Liverpool sit back

Liverpool, however, were sitting back. Rather than 4-3-3, they frequently looked 4-1-4-1 without the ball – which is entirely natural for defensive-minded 4-3-3s, but Rodgers usually wants the wide players to stay higher. Part of the reason for this, perhaps, was that Rodgers wanted to protect his full-backs against a side that plays primarily down the flanks. Wisdom is a talented player, but is young and inexperienced, while Jose Enrique has endured a difficult 2012 after a positive start to his Liverpool career. They both needed support from ahead.

On the other hand, maybe it was a strategy based around how Liverpool wanted to attack attack. In everything they did, Liverpool appeared direct, getting the ball forward quickly rather keeping it neat and ensuring dominance of possession. This could be attributed to the fact it was a Merseyside derby – or because Everton were pressing them – but it seemed Rodgers wanted Liverpool to attack the Everton defence quickly.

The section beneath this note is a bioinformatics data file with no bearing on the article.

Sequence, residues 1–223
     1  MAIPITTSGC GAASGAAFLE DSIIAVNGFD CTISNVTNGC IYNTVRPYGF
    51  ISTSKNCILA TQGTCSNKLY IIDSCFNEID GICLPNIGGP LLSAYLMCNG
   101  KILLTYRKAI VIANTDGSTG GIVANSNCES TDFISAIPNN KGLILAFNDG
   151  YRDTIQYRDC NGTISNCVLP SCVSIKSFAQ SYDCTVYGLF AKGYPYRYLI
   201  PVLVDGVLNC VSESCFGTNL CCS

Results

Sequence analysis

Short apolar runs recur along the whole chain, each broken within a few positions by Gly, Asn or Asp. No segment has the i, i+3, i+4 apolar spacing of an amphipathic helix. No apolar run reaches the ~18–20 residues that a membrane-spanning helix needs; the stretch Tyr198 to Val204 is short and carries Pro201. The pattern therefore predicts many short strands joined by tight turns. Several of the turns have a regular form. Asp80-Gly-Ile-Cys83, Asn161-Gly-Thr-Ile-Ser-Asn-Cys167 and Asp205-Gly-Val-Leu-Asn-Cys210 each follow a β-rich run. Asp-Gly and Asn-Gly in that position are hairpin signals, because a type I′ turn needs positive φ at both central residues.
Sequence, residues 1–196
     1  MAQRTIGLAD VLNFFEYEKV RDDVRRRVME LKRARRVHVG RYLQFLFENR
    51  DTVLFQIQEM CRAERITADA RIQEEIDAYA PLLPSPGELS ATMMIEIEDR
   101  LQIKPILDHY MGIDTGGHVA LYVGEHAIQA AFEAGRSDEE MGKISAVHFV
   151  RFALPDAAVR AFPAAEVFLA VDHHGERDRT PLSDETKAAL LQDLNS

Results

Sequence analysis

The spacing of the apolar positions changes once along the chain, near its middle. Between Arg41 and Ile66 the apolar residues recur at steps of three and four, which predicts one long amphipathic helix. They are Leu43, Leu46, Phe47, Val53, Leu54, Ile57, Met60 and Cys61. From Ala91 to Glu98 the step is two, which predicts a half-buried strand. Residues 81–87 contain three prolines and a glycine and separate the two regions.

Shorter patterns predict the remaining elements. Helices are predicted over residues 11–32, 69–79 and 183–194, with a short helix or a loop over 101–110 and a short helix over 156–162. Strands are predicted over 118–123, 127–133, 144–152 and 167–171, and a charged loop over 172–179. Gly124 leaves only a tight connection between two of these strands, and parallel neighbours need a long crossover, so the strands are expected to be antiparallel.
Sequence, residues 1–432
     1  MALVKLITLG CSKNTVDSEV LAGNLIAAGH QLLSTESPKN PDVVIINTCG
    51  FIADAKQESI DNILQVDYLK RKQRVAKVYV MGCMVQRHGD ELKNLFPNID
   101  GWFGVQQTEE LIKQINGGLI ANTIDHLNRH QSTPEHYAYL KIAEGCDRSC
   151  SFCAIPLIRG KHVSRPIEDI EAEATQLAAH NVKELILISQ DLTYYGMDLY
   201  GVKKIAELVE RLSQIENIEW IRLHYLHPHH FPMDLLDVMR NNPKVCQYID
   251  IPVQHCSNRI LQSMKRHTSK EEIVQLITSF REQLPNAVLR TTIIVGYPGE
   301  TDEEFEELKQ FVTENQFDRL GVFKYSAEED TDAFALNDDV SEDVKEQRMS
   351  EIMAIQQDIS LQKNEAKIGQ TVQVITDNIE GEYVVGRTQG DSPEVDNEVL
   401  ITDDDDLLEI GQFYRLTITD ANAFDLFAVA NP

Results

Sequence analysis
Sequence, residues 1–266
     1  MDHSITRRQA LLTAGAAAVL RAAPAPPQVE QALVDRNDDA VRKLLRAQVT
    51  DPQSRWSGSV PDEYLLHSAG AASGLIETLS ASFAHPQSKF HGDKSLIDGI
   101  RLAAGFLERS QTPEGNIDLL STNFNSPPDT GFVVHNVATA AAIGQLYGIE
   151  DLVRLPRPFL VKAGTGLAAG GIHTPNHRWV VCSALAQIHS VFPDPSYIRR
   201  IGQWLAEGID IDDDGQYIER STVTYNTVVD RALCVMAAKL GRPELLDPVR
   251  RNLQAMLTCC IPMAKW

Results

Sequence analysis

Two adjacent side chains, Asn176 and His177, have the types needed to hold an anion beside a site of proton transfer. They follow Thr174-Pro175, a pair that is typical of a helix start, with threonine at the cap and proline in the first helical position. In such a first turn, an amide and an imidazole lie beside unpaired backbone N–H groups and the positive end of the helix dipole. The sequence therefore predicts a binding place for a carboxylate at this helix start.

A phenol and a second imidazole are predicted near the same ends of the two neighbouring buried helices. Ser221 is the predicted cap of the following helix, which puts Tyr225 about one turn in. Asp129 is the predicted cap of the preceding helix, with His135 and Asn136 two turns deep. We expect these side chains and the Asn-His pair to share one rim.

Liverpool clearly had the advantage in terms of pace against the Everton centre-backs, and this was where Moyes’ pressing strategy encountered problems – if you press high up the pitch, you must either play a high defensive line or you leave space in the midfield. Everton did a little of both in the first half, and with the back four so unaccustomed to the lack of protection from ahead, they were exposed quickly. Liverpool didn’t attack particularly frequently, but when they did, they looked dangerous – with Luis Suarez involved in almost everything.

Everton left

However, the key battle was predictably happening on Everton’s left – the home side have played 46% of passes down that flank in 2012/13, a higher proportion than any other side – see their final third entries below. While they were weakened by the lack of the reliable Leighton Baines – Steven Pienaar connection, Mirallas came into the side and performed excellently. Both he and Naismith played narrower than you might expect, encouraging the full-backs forward.

Mirallas ran directly with the ball past Wisdom, who needed a more experienced player ahead of him. Raheem Sterling had a difficult defensive task against Baines, especially after he collected a yellow card.

Rodgers switch

The second half formations, with new arrivals highlighted. Rodgers switched to a 3-5-2.

Rodgers was so concerned about his side’s problems at the back that he decided to change formation completely at the break, opting for a system that was roughly 3-5-2. Suso and Nuri Sahin were removed, with Jonjo Shelvey and Sebastian Coates coming on. Shelvey and Steven Gerrard took it in turns to get forward, and Coates was the free man between Liverpool’s centre-backs.